Hyper Globalization

Hyper Globalization: arguably began 2,000 years ago with the 6,000 km Silk Road that connected Eurasia. However, no one could argue that the “flattening” of the world truly sky-rocketed when the Internet was born. How and where we design, sell and manufacture products will become both hyper-global and hyper-local thanks to us now living in a globally connected world with a diverse set of local requirements. It’s now easier than ever for start-ups to scale globally, and for emerging market companies to become real challengers to established multinationals, disrupting markets and business models. However, with the speed of global technology adoption also comes an increase in the supply and demand for cyber-attacks. There will be an increased emphasis on technology companies to innovate and achieve much higher degrees of trust and resilience. We need to arm our customers to navigate constant disruption, intelligently and securely in an increasingly globalized world.

Accelerated Innovation

Accelerated Innovation: The pace and breadth of innovation continues to accelerate. As new technology components mature and become commoditized, they transform into the building blocks for new breakthroughs. Emerging technology trends like Hypermobility, 3D Transformation, Internet of ALL Things, and Smart Machines will harness advancements in computing power, connectivity and immersive computing to deliver richer experiences. We will see a shift from power to intelligence-enhancing capabilities offering virtually limitless opportunities for expansion. Increasingly, material science, machine interfaces, analytics, immersive computing, efficiency and accessibility, rather than just the cost or power of components, will define the innovative products of tomorrow. This will lead to massive automation of tasks, manufacturing and our workforce. And it’s not just manual tasks that are being automated — artificial intelligence and robotics are being put to work performing high-level cognitive jobs from healthcare diagnosis, to publishing and advertising, and even making investment decisions in the boardroom.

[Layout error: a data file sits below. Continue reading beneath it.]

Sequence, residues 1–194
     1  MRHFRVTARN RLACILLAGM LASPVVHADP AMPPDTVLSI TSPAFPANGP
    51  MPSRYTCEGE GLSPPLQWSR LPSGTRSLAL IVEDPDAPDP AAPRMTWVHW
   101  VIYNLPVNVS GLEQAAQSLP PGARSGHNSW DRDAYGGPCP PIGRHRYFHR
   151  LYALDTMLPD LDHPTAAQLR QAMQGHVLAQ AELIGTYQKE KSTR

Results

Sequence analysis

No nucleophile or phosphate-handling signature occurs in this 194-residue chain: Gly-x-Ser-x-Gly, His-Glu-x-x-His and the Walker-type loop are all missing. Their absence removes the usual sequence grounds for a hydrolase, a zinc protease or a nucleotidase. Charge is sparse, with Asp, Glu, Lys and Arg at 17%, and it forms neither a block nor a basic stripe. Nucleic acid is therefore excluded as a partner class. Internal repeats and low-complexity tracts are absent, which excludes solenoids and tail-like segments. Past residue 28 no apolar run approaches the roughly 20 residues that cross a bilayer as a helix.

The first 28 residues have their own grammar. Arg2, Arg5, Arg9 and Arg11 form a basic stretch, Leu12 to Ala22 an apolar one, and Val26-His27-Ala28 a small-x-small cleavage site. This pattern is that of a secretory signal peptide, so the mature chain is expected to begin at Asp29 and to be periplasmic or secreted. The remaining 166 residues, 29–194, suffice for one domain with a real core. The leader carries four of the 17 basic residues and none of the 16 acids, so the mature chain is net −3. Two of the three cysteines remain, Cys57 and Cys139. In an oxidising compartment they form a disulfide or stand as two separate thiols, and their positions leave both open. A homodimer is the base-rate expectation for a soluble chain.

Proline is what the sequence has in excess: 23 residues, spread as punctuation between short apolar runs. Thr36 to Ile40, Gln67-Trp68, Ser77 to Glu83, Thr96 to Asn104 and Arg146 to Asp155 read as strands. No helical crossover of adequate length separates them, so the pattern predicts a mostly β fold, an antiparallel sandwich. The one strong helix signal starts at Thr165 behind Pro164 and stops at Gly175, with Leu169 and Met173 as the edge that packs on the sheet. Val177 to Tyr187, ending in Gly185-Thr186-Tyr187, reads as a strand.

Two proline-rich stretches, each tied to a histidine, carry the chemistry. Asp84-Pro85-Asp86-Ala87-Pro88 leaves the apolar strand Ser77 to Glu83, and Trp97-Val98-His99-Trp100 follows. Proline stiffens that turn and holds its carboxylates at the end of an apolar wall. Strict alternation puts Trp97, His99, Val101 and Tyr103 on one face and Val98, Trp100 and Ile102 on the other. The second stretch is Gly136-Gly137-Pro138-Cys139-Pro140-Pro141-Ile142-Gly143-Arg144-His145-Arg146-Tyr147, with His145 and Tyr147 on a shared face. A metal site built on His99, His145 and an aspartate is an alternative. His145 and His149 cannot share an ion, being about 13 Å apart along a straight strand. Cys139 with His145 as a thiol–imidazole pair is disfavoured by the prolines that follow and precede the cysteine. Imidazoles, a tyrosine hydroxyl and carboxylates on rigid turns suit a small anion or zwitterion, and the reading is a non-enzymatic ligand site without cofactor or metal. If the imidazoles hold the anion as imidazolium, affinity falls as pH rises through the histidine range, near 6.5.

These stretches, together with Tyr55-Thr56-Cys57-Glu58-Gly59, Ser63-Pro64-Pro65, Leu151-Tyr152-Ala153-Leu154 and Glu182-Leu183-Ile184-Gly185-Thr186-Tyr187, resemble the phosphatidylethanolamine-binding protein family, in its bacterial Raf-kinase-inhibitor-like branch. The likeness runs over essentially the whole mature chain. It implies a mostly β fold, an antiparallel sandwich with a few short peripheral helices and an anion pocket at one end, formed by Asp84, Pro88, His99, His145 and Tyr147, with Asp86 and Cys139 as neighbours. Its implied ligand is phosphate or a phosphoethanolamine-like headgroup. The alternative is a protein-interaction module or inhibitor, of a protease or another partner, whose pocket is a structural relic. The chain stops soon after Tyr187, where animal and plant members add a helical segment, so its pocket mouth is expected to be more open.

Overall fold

While Megatrends won’t give us all the answers, they can be a beacon for where the world is headed, giving us the opportunity to adapt, chart, and reinvent our own future.

The opportunity is ours.

Design the Future

Contact us today to start your next future project>>

Written by Andrew Bolwell
Chief Disrupter, HP. Innovation, technology, possibility, leadership, family, friends, golf, beach, travel & vegemite. In no particular order. #MegatrendsbyHP

About HP:

HP Inc. creates technology that makes life better for everyone everywhere — every person, every organization, and every community around the globe. Through our portfolio of printers, PCs, mobile devices, solutions, and services, we engineer experiences that amaze.